Round Rock New Neighbors is a social organization of women welcoming women in the Round Rock area since 1978. Both "new" and "old" neighbors are welcome. For more information: [Barnes & Noble requires that RRNN's book club be open to the public, so you do not need to be an RRNN member to attend book club, and both men and women are welcome and do attend. ]

Literary Events

Click here to see the trailer for Stephen Spielberg's Ready Player One, currently in theaters. Look for the DeLorean. (Hint-it's moving quickly and is black and you're more likely to find it if you watch one of the explanatory videos that elaborates on the trailer.) If you want to, stay on the YouTube page and see lots more about Ready Player One. After all, it's a movie about the native online generation.

Great and uplifting film!

Barnes & Noble La Frontera hosts the first meeting of a new nationwide Barnes & Noble Book Club May 2nd, 6:00 - 7:00 PM at Barnes & Noble La Frontera. The book is Female Persuasion, by Meg Wolitzer. The book is available at Barnes & Noble La Frontera.


The Friends of the Georgetown Public Library will host their 36th author event on Tuesday May 15, 2018 at 2 PM, in the Community Rooms of the library located at 402 W. 8th St.

The featured speaker will be local author, MJ Hegar, who published ‘Shoot Like a Girl’ in 2017.

In Shoot like A Girl, MJ takes the reader on a dramatic journey through her military career: an inspiring, humorous, and thrilling true story of a brave, high-spirited, and unforgettable woman who has spent much of her life ready to sacrifice everything for her country, her fellow man, and her sense of justice.

Tickets are $15 in advance. They’re available at the Second-Hand Prose bookstore on the second floor of the library, and online at Tickets are available at the door for $18. A dessert and beverage from the Red Poppy Coffee Company is included.

The event begins at 2 PM; doors open at 130 PM. Proceeds are used to fund unbudgeted items and other ongoing library projects.

Monday, August 20, 2012

Notes from a reluctant absentee

The Mystery discussion marks the second one in a row I've missed (another excellent selection, along with In the Garden of Beasts).  But it's vacation season, and one third of the reference desk staff is out right now.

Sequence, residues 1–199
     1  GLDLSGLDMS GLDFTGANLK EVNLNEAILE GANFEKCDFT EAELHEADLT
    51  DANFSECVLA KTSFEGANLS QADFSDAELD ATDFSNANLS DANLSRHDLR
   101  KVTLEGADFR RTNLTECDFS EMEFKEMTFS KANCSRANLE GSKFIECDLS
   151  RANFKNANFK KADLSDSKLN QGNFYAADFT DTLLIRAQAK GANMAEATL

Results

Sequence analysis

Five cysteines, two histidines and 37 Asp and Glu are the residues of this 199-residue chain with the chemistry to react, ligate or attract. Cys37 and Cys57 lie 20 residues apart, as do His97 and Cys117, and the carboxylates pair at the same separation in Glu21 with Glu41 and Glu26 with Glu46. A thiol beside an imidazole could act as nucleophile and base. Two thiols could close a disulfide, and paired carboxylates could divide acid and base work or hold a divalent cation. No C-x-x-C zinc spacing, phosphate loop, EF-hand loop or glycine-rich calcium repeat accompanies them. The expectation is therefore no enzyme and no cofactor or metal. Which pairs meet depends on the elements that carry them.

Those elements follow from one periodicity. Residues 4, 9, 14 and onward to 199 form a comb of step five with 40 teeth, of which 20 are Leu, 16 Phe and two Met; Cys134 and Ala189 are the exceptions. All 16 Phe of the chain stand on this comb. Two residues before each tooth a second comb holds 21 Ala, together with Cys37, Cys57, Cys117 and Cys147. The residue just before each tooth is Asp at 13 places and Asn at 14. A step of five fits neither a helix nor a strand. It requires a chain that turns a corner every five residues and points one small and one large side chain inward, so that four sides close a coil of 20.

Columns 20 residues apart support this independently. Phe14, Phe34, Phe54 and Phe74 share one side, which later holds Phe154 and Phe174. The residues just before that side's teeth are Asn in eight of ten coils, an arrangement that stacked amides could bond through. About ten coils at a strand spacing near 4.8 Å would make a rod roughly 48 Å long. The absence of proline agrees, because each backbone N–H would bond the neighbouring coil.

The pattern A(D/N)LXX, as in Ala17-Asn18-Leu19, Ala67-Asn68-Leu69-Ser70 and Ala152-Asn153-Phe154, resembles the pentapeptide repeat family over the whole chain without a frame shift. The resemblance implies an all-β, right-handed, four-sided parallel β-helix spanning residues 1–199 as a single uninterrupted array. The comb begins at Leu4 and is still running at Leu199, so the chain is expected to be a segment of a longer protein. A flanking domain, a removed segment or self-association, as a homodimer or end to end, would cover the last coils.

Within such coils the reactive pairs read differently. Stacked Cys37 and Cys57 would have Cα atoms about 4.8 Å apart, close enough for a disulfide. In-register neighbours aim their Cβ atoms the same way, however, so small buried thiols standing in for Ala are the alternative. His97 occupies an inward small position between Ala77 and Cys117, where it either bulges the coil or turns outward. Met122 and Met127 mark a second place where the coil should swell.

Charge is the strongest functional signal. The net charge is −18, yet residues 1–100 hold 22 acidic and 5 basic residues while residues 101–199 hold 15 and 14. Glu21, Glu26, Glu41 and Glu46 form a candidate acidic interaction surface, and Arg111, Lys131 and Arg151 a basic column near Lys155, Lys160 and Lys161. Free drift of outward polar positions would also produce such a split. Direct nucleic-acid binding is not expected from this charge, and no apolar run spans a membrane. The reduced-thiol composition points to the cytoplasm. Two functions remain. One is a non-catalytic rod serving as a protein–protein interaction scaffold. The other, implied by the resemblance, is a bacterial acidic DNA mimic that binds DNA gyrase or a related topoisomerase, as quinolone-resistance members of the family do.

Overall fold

For my absentee contribution this month, I'll pass along some library news and mention a few new/forthcoming titles of interest.

First, a great film opportunity beginning this fall:  My friend Kate, in charge of programming for Round Rock Public Library, just received RRPL's coveted acceptance as a participant in Community Cinema 2012-2013.  I believe that Round Rock will be one of only four Texas locations (also Dallas, Austin, Houston) to host ten monthly screenings, September through June, of films from PBS’ award-winning Independent Lens series of documentaries.  Along with the chance to view these great films two weeks to two months before they’re broadcast nationally, you’d benefit from the post-screening insights of speakers and panelists. 

A film adaptation of Half the Sky (based on the book by Pulitzer Prize winners Nicholas D. Kristof and Sheryl WuDunn- about human rights abuses directed toward women) opens the series in September; other titles include As Goes Janesville (Midwestern town after GM plant closure) and The Revolutionary Optimists (empowering the youth of Calcutta), along with others to be announced soon.  I’ve viewed a clip of Solar Mamas (women from Africa and South America—some illiterate--training to become solar power engineers for their villages); it was wonderfully inspiring. 

The content of the Independent Lens series is definitely geared toward an adult audience.  You don’t have to live in Round Rock or have a RRPL card to attend.  More info will be forthcoming at  You can read more about Community Cinema here:

Some new and soon-to-be published titles that may interest the group:  Liza Klaussman's (she's Herman Melville's great-great granddaughter) Tigers in Red Weather (family secrets with an extra dose of suspense); Leila Meacham's Tumbleweeds (not literary fiction, but if you loved her Roses--as I did--you'll probably enjoy this one even more).  Ariel S. Winter's The Twenty Year Death (hardboiled detective fiction, which I don't normally read) features three intertwined stories in the style of three noted genre authors and was a wonderful find.  Francesa Segal (Love Story's Erich Segal was her father) was inspired by Edith Wharton's The Age of Innocence as she envisioned The Innocents.  I was charmed and impressed by that one.  This month's theme seems to have been literary antecedents--and fine ones, at that!

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